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Your Birth Month Flowers and What They Mean

Flowers are one of the most beautiful presents that can be given to anyone. It’s a thoughtful gift that brings so much colour, beauty, and symbolism into everyday life. So much so that they’ve become a staple of birthday, anniversary, and special occasion gifts.

It’s of no surprise then, that people used flowers to communicate long before email, texting, instant messaging, and even phone calls.

In the 18th and 19th centuries, floriography (flower language) soared in popularity in Victorian England. This was a way for Victorians to communicate and express feelings that could not be spoken aloud in Victorian society.

Despite the fact that we now have more means to communicate, the messages conveyed through flowers remain as valuable as they have always been. Gifting birth flowers will surely make the receiver feel extra special as it is rich in meaning.

Not sure which blooms correspond with which months?

Join Flower Cart as we review the birth flowers for each month and their respective meanings.

Birth Flowers & Their Meanings

Here is a simple guide to get you started:

birth month flowers

January: Carnation & Snowdrop

January’s birth flowers are carnations and snowdrops.

green carnations in a vase

Carnations, the most popular January birth flower, come in nearly every colour of the rainbow, including purple, red, yellow, and even green!

However, don’t let the delicate appearance of carnations fool you. They are hardy flowers that can grow in harsh conditions, even during the cold winter months in seasonal countries.

Carnations represent awe, affection, and remembrance – perfect for persevering January babies. In a bouquet, these lovely blossoms work well as a filler flower or as the main theme.

snowdrop january's birth flowers-min

The snowdrop is January’s secondary birth flower. In the wild, snowdrops bloom in large patches and resemble a snow-covered field. These flowers represent renewal and hope, which is especially appropriate for the first month of the year.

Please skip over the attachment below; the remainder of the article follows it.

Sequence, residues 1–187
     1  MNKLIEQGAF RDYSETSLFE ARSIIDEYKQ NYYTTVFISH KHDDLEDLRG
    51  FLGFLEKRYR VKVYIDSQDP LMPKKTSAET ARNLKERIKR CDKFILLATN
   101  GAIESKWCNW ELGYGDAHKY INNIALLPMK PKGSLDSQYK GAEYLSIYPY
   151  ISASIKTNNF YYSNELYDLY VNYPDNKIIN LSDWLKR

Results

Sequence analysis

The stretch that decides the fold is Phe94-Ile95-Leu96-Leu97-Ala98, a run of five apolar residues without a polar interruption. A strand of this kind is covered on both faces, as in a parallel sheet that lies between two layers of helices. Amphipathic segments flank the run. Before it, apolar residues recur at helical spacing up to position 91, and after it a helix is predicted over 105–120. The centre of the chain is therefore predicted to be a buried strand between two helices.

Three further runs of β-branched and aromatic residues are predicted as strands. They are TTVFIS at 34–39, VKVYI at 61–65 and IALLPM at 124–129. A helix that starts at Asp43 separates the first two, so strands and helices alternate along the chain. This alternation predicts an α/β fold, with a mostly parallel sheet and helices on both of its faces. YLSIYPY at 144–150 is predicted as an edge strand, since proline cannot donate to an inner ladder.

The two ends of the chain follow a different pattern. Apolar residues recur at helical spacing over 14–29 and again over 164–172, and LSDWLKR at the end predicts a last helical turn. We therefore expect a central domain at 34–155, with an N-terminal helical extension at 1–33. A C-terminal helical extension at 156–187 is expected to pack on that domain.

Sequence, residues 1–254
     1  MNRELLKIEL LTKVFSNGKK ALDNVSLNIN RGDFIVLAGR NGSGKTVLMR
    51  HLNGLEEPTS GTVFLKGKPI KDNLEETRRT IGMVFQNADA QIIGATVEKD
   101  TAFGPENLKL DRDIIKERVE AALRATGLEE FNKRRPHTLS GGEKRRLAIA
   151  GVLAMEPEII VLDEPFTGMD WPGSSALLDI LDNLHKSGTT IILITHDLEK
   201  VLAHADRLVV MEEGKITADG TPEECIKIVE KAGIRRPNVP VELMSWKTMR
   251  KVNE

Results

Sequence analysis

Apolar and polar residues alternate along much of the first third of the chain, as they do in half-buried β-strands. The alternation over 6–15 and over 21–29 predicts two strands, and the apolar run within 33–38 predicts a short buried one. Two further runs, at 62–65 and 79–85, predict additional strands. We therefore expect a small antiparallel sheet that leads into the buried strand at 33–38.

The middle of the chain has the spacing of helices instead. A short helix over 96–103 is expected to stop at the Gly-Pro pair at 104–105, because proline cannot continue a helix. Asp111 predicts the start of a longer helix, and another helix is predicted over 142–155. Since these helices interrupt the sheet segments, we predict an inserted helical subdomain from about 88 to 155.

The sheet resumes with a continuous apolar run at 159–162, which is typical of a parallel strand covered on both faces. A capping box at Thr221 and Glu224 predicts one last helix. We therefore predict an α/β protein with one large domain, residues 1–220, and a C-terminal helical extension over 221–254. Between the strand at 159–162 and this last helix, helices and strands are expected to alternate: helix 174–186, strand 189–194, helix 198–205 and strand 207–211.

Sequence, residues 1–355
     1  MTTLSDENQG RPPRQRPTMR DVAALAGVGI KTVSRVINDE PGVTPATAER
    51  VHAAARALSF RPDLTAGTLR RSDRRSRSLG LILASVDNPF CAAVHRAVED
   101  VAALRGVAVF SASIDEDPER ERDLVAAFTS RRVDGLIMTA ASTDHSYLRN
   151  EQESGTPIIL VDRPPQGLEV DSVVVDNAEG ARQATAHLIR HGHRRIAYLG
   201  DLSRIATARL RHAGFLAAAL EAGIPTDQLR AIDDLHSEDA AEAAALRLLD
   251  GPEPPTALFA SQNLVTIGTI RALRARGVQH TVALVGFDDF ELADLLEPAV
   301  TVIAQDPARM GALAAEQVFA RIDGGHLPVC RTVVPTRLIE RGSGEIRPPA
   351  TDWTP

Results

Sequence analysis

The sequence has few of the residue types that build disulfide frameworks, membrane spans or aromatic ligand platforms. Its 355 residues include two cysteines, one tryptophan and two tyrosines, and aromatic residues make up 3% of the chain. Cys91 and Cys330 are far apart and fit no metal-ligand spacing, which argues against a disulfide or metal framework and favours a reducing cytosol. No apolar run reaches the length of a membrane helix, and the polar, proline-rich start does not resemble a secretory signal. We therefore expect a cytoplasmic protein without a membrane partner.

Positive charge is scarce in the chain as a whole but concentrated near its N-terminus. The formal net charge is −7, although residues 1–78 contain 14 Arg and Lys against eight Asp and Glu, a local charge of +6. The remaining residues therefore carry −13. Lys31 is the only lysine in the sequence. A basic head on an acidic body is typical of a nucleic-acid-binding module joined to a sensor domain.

However, do note that in different cultures, snowdrops are considered bad luck as they often grow in cemeteries and churchyards.

For a similarly shaped flowers try orchids instead!

They don’t come with the negative connotations of snowdrops and are sold by most florists in Singapore.

February: Violet & Primrose

february birth flowers are violets-min

While many people associate February with red roses because of Valentine’s Day, the violet takes the spot of February’s birth flower instead.

Violets are thought to represent virtue, modesty, and humility. This birth flower is most known for its blue-purple colour, although the species also come in yellow, blue, and cream.

Around for millennia, these flowers have been used to express faithfulness and love throughout human history.

  • • During ancient times in Greece, many people incorporated violets into love potions.
  • • In the Victorian era, a gift of violets was a declaration of faithfulness.

Today, violets still serve as a lovely reminder of devotion, thoughtfulness, and reliability, making it a thoughtful gift for the emotionally sensitive people born in February.

february birth flowers are also primroses-min